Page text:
I found such using of protected modifier while searching for solution for my question: Ignoring case in strings with unitils ReflectionComparator

In org.unitils.reflectionassert.ReflectionComparatorFactory class there is method with signature:

protected static List<Comparator> getComparatorChain(Set<ReflectionComparatorMode> modes)

But this is only particular case.

After all we can always extend such any non-final class and "override" it's static protected method with new public modifier. Say, we have class A:

public class A {
    protected static void test() {
        // do some stuff

and want to use it in another package:

public class UseA {
    private static class MyA extends A {
        public static void test() {

    void useA() {
        // A.test(); compile error, sure

I concentrate my question on general situation when some static method was declared as protected. I'm not asking about non-static fields or methods, because in some cases class can has private constructor or very complicated constructor with lots special params. But what is the purpose of such "hiding" static methods if entire class isn't final? Is such usage oop mistake or just very weak "protection"?

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    You can't override static methods. You can only re-define them in the sub class. – CKing Apr 21 '15 at 13:02
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    @bot Sure, that is why I take this word "override" into quotes to underline my allegoric usage of this term – Andremoniy Apr 21 '15 at 13:03
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    Is this really a duplicate? That other question refers to protected static variables, this one refers to protected static methods. – Necreaux Apr 21 '15 at 13:06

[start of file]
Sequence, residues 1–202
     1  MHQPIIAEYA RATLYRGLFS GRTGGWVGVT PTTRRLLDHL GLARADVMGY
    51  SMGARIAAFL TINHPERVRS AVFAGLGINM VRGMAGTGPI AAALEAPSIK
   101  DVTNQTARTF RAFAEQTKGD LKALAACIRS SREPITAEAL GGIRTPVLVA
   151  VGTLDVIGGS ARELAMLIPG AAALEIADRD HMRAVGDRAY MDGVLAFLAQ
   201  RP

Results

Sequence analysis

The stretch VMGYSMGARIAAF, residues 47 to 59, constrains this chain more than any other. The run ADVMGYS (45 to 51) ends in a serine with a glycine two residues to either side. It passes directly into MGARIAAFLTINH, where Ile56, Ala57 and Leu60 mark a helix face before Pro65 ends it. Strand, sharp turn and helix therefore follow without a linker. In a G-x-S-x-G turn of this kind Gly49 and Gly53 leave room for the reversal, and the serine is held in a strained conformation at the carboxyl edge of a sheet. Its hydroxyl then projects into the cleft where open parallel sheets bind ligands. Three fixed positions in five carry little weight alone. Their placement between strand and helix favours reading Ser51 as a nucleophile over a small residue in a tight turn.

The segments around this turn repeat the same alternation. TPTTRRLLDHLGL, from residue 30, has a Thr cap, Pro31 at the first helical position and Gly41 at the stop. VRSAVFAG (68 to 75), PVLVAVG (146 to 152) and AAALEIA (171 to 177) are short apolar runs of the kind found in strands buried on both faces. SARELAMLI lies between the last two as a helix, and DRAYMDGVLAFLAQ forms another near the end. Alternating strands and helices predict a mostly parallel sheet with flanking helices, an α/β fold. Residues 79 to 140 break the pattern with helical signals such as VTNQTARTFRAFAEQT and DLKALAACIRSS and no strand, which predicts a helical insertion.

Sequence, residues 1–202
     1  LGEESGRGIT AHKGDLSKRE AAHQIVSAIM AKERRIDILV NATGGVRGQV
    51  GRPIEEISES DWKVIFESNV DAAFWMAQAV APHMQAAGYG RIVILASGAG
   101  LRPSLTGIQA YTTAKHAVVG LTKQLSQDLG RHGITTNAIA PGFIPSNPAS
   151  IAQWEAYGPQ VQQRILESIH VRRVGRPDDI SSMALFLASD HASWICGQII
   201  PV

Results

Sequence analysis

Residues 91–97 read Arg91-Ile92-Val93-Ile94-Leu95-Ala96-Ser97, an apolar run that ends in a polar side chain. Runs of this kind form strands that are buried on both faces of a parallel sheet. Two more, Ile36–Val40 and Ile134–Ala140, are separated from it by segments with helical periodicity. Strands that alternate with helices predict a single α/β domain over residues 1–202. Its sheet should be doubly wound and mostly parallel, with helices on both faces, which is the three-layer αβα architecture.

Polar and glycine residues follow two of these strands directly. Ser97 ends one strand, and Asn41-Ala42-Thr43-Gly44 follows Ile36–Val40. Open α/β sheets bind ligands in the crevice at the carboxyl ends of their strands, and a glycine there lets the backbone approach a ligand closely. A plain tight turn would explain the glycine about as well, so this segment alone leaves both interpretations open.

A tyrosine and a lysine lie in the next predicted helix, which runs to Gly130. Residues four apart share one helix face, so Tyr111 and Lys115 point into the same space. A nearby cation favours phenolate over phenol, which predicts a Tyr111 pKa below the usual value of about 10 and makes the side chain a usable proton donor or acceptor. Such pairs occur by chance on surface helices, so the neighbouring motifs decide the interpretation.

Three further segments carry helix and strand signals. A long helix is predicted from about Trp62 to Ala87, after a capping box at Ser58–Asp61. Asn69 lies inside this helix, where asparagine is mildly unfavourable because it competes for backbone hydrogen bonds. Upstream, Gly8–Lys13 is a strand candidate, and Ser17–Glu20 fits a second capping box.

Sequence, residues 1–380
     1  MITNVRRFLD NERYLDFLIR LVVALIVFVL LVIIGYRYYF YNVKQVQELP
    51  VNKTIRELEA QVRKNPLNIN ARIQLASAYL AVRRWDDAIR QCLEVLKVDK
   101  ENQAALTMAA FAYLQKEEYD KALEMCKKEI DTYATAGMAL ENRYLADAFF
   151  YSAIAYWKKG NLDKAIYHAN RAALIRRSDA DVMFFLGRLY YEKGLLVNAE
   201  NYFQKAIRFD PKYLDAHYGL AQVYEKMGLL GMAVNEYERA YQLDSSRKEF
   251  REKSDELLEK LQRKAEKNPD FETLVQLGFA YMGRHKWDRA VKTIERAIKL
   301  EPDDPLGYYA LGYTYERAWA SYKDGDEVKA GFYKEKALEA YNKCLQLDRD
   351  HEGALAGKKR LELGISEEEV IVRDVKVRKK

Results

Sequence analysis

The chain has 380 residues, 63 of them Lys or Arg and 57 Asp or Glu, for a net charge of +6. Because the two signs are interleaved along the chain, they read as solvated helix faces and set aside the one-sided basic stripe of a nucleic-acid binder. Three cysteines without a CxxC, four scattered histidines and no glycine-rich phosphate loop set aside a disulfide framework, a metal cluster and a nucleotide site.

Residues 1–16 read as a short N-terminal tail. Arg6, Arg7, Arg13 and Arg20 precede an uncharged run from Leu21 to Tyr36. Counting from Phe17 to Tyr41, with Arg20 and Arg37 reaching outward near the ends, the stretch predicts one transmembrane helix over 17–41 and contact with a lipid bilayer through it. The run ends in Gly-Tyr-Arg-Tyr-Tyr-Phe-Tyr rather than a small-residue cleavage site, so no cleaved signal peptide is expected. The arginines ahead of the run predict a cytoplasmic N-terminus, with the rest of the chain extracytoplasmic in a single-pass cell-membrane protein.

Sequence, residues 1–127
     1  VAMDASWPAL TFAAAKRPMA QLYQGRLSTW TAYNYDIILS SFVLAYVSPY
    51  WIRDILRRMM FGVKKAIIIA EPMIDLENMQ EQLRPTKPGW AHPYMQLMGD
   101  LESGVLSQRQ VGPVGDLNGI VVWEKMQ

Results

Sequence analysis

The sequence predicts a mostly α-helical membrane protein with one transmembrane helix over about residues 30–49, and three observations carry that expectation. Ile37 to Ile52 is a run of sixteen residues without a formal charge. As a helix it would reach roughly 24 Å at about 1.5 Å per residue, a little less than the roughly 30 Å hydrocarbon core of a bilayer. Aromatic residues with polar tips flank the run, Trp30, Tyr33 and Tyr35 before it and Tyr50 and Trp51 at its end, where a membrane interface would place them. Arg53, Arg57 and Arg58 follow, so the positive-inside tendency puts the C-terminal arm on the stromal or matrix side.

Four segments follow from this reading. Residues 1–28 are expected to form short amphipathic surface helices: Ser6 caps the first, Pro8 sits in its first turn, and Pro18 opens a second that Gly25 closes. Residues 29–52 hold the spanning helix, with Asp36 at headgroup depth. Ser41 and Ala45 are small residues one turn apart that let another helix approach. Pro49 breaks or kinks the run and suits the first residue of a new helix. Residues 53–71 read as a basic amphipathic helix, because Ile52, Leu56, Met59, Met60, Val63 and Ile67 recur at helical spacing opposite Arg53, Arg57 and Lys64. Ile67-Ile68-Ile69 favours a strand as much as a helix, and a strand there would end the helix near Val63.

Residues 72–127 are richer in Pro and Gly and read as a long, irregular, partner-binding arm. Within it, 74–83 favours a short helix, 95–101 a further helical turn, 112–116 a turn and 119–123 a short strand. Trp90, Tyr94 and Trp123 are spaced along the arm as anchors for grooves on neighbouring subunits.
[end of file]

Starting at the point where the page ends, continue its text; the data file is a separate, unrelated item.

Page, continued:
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    @bot I believe that any construction in programming language must have intelligible sence of usage. In case of protected static methods I can not catch such idea. – Andremoniy Apr 21 '15 at 13:14

Overriding a static method reference means hiding it's implementation. See: Java Documentation's Overriding and Hiding Methods

Static Methods

If a subclass defines a static method with the same signature as a static method in the superclass, then the method in the subclass hides the one in the superclass.

The distinction between hiding a static method and overriding an instance method has important implications:

  • The version of the overridden instance method that gets invoked is the one in the subclass.
  • The version of the hidden static method that gets invoked depends on whether it is invoked from the superclass or the subclass.

But what is the purpose of such "hiding" static methods if entire class isn't final?

A protected static method would allow you to provide "utility" type functionality to derived classes, without exposing them in the public API where they might not make sense on their own.

I don't know the implementation of the getComparatorChain method you reference, but I imagine it's such a method. It would be marked static if it's not tied to any specific instance, and marked protected so as not to be a part of the public API, but also to allow derived classes to re-use the utility method in it's own implementation.

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